Top 10 Kosher Wines Over $30

October 13, 2015

Our annual list of the Top 10 kosher wines from the previous year costing $30 or more/bottle along with a review of the Laphroaig 18 year old Islay Single Malt Scotch Whisky.

At this time of year, around the Yamim Noraim (the Days of Awe), we are supposed to reflect on the past year and where we should be going in life. It is a perfect time to look back and select our top wines from the previous year. This week we will focus on wines costing $30 or more that are worthy to collect and cellar or, better yet, to share with family and special friends. Next week we will look at the top 10 value-priced wines we especially enjoyed this past year.

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The Best In Value-Priced Wine

September 22, 2014

The Top 10 Kosher wines ($20 or less) and our 5 Favorite Whiskies for the past year.

Last week we listed the Top 10 kosher wines we tasted over the past year that cost $30 or more a bottle. After all, festive holiday meals with family and friends are nigh, so a bit of expensive indulgence is in order. As wine is a necessity in a civilized world, however, we have put together a list of value-priced wines to be enjoyed on a more regular basis, within a more limited budget.

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Shifting From Red To White

January 21, 2014

A look at the growing emphasis on white wines in Israel including a review of the Flam Blanc 2012 along with a look at the purchase of Beam, Inc. by Suntory.

It has been interesting to observe the subtle but steady shift in emphasis from red to white wine occurring in Israeli winemaking. The country certainly produces a number of flavorful, enjoyable, compelling and occasionally even truly outstanding red wines. But now there seems to be a growing appreciation of the potential inherent in white grapes when grown in the Mediterranean climate. In this regard, there are some remarkable similarities to Greek winemaking.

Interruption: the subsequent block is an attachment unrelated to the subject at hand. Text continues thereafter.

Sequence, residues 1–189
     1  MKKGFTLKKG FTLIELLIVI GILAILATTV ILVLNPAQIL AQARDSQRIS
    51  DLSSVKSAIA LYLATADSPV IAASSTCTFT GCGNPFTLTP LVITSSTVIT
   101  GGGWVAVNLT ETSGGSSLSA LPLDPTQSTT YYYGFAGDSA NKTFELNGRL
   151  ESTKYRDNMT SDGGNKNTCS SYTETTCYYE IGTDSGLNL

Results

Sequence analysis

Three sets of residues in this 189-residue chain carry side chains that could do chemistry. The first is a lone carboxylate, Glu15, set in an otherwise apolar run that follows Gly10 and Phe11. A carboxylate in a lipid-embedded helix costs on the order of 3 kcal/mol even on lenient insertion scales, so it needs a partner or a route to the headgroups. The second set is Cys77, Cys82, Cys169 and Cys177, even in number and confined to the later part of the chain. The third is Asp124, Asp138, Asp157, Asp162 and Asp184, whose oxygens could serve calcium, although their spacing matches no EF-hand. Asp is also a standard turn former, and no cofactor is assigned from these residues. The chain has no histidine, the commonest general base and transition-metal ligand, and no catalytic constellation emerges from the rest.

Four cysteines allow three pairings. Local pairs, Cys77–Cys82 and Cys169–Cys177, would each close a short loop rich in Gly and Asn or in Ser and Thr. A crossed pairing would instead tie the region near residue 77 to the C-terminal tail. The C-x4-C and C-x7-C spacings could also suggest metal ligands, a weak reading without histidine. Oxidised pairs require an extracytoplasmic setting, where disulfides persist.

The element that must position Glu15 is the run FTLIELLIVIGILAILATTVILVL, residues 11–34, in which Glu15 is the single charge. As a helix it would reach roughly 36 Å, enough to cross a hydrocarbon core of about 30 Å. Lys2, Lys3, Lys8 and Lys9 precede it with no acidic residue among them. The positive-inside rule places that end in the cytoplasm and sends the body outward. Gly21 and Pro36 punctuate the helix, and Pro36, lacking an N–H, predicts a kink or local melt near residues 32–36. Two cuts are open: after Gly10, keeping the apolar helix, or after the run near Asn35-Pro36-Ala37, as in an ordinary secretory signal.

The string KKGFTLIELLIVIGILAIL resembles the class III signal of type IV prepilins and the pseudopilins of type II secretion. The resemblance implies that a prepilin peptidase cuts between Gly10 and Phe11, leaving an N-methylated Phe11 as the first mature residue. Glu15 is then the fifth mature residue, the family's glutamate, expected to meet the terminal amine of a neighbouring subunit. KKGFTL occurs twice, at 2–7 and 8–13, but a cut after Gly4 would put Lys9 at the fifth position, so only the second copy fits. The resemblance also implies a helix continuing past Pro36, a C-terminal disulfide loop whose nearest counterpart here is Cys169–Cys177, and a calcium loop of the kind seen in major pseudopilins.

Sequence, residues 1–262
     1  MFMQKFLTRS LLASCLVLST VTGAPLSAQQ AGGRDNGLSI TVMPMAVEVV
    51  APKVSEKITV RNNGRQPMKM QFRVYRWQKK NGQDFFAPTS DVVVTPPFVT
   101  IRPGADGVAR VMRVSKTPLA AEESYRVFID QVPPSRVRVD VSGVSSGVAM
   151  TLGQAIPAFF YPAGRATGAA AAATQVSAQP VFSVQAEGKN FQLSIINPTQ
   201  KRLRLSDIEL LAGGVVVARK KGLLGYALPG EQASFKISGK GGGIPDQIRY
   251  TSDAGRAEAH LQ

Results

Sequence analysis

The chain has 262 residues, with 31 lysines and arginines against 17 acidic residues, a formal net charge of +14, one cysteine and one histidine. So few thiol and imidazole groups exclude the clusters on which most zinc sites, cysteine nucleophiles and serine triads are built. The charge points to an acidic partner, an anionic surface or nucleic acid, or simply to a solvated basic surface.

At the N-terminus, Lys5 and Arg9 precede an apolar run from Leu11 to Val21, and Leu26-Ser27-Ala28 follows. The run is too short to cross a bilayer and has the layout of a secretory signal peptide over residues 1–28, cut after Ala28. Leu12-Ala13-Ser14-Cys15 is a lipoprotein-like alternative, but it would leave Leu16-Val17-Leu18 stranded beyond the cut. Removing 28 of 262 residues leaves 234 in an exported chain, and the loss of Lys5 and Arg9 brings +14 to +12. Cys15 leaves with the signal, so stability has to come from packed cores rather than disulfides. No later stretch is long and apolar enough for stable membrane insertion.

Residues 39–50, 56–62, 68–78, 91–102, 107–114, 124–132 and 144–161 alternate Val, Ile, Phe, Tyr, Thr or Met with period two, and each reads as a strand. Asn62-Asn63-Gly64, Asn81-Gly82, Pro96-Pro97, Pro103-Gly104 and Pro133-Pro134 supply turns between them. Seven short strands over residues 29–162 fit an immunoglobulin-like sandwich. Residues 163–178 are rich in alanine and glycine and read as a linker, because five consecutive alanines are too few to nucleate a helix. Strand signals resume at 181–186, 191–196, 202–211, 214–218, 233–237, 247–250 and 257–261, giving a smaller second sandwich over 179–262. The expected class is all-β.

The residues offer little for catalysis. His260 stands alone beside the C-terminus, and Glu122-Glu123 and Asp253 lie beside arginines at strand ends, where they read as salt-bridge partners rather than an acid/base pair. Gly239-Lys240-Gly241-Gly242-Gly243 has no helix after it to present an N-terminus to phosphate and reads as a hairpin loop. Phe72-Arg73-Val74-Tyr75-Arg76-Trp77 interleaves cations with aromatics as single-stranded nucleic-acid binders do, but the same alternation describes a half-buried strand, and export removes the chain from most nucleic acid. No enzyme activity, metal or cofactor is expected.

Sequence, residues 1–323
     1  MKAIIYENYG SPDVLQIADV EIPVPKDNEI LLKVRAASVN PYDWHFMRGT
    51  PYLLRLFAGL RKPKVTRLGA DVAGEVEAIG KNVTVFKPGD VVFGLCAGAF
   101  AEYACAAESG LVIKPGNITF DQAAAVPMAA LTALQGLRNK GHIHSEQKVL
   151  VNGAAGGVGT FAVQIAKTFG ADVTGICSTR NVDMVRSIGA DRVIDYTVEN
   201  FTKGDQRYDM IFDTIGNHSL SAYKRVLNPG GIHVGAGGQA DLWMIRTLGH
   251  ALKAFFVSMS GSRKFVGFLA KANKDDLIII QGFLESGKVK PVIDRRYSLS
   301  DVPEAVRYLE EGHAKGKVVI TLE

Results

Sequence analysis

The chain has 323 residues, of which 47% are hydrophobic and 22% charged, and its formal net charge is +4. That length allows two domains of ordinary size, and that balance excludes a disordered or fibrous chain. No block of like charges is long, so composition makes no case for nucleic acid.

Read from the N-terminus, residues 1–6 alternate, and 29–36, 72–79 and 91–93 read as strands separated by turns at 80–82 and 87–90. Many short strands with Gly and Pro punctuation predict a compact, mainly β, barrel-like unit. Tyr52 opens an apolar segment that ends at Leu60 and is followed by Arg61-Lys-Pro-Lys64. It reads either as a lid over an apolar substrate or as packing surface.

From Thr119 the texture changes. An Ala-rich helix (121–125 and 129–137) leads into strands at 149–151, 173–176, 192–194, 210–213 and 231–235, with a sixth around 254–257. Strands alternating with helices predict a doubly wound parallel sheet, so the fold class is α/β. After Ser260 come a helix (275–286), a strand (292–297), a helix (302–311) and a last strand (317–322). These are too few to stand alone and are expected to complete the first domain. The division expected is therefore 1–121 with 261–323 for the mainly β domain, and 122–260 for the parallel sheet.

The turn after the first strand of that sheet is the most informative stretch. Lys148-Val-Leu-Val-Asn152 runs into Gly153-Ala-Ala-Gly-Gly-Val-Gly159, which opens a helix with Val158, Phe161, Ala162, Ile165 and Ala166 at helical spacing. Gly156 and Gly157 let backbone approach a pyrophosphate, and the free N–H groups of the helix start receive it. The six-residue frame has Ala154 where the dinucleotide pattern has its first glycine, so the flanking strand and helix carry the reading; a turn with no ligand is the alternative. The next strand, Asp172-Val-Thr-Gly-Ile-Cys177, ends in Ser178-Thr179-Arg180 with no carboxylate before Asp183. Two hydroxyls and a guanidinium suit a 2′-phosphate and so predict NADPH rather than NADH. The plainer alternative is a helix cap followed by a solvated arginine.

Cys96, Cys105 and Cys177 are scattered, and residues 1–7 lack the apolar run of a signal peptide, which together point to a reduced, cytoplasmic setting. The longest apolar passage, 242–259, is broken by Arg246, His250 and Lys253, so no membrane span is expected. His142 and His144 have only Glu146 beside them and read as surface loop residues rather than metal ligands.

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Winemakers Who March To A Different Drummer

October 3, 2013

Reviews of the Gvaot Gofna Pinot Noir 2011 and the Laphroaig 10-year-old Single Malt Scotch Whisky.

It is often said the best way to make a small fortune in the wine business is to begin with a large one. Indeed, winemaking is an inherently risky business. The weather, obviously, is unpredictable. Furthermore, wine is subject to complex market forces, stiff global competition and the vagaries of consumer tastes. The prudent approach, it would seem, would be to stick to well-established winemaking formulas and techniques.

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Magic In The Bottle

September 23, 2013

A review of the Agur Kessem 2011 and a look at the latest single malt whiskey releases from Single Cask Nation.

Blending various grape varietals to create a beverage that is greater than the sum of its parts can often seem like magic. Especially after half a bottle.

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It’s The Terroir, Stupid

July 7, 2013

A review of the Goose Bay Pinot Gris 2011 along with some Father’s Day Whisky suggestions.